Barbara Stauffacher Solomon

Source: Wikipedia, the free encyclopedia.

Barbara Stauffacher Solomon
San Francisco, California, U.S.
DiedMay 7, 2024(2024-05-07) (aged 95)
San Francisco, California, U.S.
Occupation(s)Graphic designer,
Landscape architect
(m. 1948; died 1955)
Daniel Solomon
(m. 1969, divorced)
Children2, including Nellie King Solomon

Barbara Ethel Stauffacher Solomon (

Sea Ranch, a private estate with a Utopian vision in Sonoma County, California.[3]

Early life and education

Barbara Ethel Levé was born on December 5, 1928 in San Francisco, California to Fred Levé and Lilian Reinhertz Levé.[4][5] She was a third-generation San Franciscan.[6] Her father, Fred was a lawyer who represented anarchists.[4] Her parents separated when she was 4 years old.[4] As a young woman, Barbara Levé studied dance and worked as a dancer,[5] as well as, studying painting and sculpture at San Francisco Art Institute.[7]

At age 20, she married the filmmaker Frank Stauffacher in 1948. The designer and printmaker Jack Stauffacher became her brother-in-law through this marriage.[8] Frank and Barbara Stauffacher had a daughter named Chloe.[4]

In 1956, after the death of her husband, Barbara Stauffacher moved to Basel, Switzerland to study graphic design at the Basel Art Institute, where she was a student of Armin Hofmann until 1959.[5] She had made the decision to study graphic design because she knew she could make a living in that field.[7][9][10][11] She later studied architecture at the University of California, Berkeley and was graduated in 1981, writing her thesis on Green Architecture and the Agrarian Garden.[12]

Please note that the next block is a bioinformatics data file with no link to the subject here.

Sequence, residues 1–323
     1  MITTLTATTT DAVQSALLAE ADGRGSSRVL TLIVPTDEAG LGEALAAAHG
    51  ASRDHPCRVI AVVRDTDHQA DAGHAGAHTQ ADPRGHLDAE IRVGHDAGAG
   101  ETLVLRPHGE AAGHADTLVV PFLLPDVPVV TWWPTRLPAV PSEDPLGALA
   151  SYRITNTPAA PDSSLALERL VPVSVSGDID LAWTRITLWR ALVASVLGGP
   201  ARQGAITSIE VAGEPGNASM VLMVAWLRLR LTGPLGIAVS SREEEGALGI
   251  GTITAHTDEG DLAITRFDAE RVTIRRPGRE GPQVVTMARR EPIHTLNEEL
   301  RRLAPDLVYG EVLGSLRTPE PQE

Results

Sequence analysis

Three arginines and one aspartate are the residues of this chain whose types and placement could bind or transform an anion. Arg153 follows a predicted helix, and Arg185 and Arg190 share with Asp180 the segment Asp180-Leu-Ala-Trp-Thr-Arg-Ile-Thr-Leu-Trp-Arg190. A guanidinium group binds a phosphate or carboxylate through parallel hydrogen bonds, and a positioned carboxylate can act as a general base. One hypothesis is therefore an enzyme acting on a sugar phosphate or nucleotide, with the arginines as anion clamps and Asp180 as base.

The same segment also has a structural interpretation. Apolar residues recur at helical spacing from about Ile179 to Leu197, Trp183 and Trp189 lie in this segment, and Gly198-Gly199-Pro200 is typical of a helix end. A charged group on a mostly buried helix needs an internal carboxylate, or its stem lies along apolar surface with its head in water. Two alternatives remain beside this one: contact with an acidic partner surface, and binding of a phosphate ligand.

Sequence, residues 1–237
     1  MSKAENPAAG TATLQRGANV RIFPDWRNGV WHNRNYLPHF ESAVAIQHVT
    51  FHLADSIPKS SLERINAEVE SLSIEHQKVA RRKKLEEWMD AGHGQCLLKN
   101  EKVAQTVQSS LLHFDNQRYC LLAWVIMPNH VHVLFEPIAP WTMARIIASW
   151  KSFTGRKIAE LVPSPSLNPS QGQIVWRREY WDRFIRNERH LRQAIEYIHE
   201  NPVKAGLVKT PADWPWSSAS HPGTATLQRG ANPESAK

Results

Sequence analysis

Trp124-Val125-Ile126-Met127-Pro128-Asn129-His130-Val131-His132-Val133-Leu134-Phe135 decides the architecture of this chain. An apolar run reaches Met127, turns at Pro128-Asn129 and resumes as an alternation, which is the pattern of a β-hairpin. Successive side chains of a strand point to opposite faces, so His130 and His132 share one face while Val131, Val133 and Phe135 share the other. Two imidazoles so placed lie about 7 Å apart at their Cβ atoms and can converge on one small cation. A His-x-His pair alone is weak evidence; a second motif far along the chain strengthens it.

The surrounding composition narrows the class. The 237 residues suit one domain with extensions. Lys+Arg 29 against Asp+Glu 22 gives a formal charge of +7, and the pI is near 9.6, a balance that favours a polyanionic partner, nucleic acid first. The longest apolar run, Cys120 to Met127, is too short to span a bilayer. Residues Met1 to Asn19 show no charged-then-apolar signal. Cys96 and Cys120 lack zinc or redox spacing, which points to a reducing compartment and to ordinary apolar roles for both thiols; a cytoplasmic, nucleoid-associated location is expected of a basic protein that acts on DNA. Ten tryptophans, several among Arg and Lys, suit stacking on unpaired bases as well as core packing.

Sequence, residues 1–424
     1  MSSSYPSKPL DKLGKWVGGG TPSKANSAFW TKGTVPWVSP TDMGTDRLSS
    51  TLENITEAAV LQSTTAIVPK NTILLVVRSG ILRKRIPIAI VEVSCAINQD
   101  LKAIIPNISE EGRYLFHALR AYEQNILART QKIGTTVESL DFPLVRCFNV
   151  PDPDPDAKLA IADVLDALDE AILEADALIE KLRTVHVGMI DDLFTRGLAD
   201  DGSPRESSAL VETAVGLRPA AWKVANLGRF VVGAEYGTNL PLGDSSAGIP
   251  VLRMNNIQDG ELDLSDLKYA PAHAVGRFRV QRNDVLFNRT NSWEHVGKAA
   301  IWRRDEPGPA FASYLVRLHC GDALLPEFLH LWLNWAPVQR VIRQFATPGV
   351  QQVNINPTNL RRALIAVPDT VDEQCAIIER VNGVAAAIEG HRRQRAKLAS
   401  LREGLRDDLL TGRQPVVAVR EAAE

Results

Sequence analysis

In 1969, she married Daniel Solomon, an architect and professor.[4][11] Their daughter, Nellie King Solomon, also became an artist and has showed her work at exhibitions with Stauffacher Solomon.[13][14]


Stauffacher Solomon returned to San Francisco in 1962 and set up her graphic design studio. During that period of her career, she designed the monthly program guides for the San Francisco Museum of Modern Art.[15][16]

Cover of the Sea Ranch brochure designed by Barbara Stauffacher Solomon that includes her design of the logo for the development

Stauffacher Solomon met landscape architect Lawrence Halprin in 1968 and he employed her at Sea Ranch, a novel condominium development along ten miles of the California coast in Sonoma County. Initially, she designed the architectural scale paintings for the building interiors. Her work at Sea Ranch grew from her vocabulary of signs to creating motion and an awareness of space throughout the project. She created the logo for the Sea Ranch that drew from Swiss design and California impressionism to interpret the rams and crashing waves associated with the massive property. Halprin went on to recommend her to other architects in the San Francisco area who gave her a free reign in the creation of designs that exhibited her talent.[10][16][17][18] She went on to receive two American Institute of Architects (AIA) awards for her work at Sea Ranch.[19]